The sacrifice of local men featured in new Banbridge Camera Club exhibition opening at the FE McWilliam Gallery

Gerald Smyth's funeral.
Gerald Smyth's funeral.

A major new exhibition of photography from the First World War will be on display in the F.E. McWilliam Gallery from April 30 to May 28.

The exhibition will focus on some of those from the local area who fought and died in the Great War.

The numbers of people volunteering from Banbridge and the wider district was magnificent, and the losses were overwhelming.

One local family who sacrificed much were the Smyth family, who lost seven members.

Lieutenant-Colonel Gerald Brice Ferguson Smyth was the eldest son of George and Helen Ferguson Smyth.

On the outbreak of the Great War Gerald embarked for France on 17th August 1914.

During the Battle of Aisne at Givenchy he was badly wounded, which resulted in his left arm having to be amputated at the elbow.

On 13th July 1916 he was wounded during the Battle of the Somme. He returned to the front and was wounded at Arras on 3rd May 1917.

On the night of 17th July 1920, whilst in the smoking room of the Cork and County Club, 14 Sinn Feiners entered the building, and opened fire, riddling Gerald’s face, forehead and neck with bullets.

Gerald’s funeral took place on 20th July 1920 from Clonaslee. It was probably the largest funeral seen in Banbridge.

Major George Osbert Stirling Smyth was the youngest son of George and Helen Ferguson Smyth.

He signed up for War service and was injured in early 1914. He was wounded again on 29th October 1915 and again on 21st December 1915.

On 3rd June 1916 he was awarded the Military Cross in the King’s Birthday Honours.

He received the Mons Star and was awarded the French Croix de Guerre with Palm.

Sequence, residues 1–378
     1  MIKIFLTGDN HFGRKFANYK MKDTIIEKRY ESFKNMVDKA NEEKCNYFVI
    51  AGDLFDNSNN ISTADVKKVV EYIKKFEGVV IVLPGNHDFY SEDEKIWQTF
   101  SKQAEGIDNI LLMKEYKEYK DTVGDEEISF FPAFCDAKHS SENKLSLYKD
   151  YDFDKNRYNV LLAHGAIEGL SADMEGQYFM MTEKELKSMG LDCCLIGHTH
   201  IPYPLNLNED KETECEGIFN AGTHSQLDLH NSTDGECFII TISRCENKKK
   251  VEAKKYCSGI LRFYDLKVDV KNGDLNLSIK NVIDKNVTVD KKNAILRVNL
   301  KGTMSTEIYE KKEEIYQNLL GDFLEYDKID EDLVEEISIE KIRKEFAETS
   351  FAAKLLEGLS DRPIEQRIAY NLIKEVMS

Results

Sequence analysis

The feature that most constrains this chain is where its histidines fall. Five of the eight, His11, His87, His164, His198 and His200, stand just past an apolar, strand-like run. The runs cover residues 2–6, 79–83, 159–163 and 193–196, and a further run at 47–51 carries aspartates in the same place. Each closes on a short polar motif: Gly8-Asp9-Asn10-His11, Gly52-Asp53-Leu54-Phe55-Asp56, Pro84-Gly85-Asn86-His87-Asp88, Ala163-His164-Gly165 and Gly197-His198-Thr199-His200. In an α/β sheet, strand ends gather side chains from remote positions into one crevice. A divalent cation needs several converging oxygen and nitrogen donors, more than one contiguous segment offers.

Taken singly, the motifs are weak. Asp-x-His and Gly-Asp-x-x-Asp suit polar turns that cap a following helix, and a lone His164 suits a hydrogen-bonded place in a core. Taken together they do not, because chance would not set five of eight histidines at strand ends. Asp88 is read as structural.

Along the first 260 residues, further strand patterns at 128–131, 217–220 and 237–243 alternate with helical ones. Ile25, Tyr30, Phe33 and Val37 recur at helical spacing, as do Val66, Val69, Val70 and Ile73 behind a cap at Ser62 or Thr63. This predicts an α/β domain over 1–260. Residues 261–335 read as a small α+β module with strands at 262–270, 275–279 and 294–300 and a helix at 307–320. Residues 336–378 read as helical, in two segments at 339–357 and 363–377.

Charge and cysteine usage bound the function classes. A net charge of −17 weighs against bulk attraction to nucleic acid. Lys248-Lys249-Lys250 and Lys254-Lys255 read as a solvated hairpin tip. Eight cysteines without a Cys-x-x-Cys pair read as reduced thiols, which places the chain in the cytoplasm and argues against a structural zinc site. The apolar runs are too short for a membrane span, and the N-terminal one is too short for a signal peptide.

Eleven days after the murder of his brother, he insisted on a transfer in order to help crush the rebellion in Ireland.

On 12th October 1920 at 2am, he and a group of soldiers went to the house of a Professor Carolan in Fernside, Drumcondra, Dublin, where Osbert was murdered.

Like Gerald, Osbert was taken from Clonaslee on Friday 15th and interred in Banbridge Municipal Cemetery.

Major Edmund Fitzgerald Smyth was the third son of William and Jane Robinson Smyth.

When the First World War broke out, Teddy enlisted.

Teddy was wounded on 1st July 1916. He was killed in action on 3rd December 1917 at Marcoing, West Cambrai, aged 31 years.

Teddy was buried in Fifteen Ravine British Cemetery, Villers, Plouich.

Major Dr Robertson Stewart Smyth was the second son of William & Jane Robinson Smyth.

Upon the outbreak of War in 1914, he followed the British Expeditionary Force to France, where it is stated that he served with “rare devotion”.

In December 1915 he was invalided as the result of gas poisoning.

He was again invalided due to gas poisoning on 1st January 1916.

He died in London on 5th April 1916 aged 36 years, his body was brought home and buried in Banbridge.

Lieutenant Pierson Florence John Smyth was the youngest son of John (Jnr) & Anna Florence Haughton Smyth.

He entered the Army in 1902, serving in India. He died on 29th January 1913, aged 32 years, after an operation. His grave is in Kamptee Cemetery.

Captain George Bostall Jenkinson Smyth was the second son of James Davis and Charlotte Anna Smyth.

He enlisted in the Army in August 1914.

Whilst at Anzac on the Gallipoli Peninsula on 9th August 1915 he was severely wounded.

He returned to service in France, where he was killed in action near Courtrai on 22nd October 1918 aged 28 years, three weeks before the end of the War.

George’s body was laid in its final resting place in Harlebeke New British Cemetery, leper, Belgium.

A bronze and marble plaque was erected in Seapatrick Parish Church in 1924 by his brother and sisters.

Captain William Haughton Smyth was the eldest son of John (Jnr) and Anna Florence Haughton Smyth.

He was manager of the Dunbar Memorial National School.

He was Managing Director of the family firm ‘Wm Smyth & Co Ltd’, Lenaderg.

William was heavily involved in the formation of Banbridge Golf Club.

When War broke out he applied to the Royal Irish Rifles.

He was killed in action at Thiepval in the Battle Of The Somme on 1st July 1916 aged 37 years.

Tragically he has no known grave, but is commemorated on the Thiepval Memorial.

His name is also recorded on Banbridge Golf Club’s Roll of Honour.

The club also dedicated the Haughton Smyth Memorial Cup in his honour.